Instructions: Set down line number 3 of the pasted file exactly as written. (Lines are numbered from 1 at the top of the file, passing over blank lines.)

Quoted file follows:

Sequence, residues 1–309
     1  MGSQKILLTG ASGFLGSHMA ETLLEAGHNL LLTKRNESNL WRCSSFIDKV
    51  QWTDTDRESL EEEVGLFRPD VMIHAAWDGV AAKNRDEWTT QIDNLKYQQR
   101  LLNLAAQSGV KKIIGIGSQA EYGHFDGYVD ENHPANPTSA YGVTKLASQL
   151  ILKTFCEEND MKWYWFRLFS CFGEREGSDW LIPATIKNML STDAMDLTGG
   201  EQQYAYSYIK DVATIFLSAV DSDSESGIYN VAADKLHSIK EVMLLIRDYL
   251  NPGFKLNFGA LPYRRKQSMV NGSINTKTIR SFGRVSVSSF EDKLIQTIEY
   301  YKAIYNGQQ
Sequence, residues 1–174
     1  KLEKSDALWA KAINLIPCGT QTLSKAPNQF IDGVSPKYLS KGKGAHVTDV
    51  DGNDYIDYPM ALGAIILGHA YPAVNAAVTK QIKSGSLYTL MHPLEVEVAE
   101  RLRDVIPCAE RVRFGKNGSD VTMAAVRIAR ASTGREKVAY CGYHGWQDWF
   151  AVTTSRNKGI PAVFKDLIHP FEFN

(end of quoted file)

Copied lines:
    51  QWTDTDRESL EEEVGLFRPD VMIHAAWDGV AAKNRDEWTT QIDNLKYQQR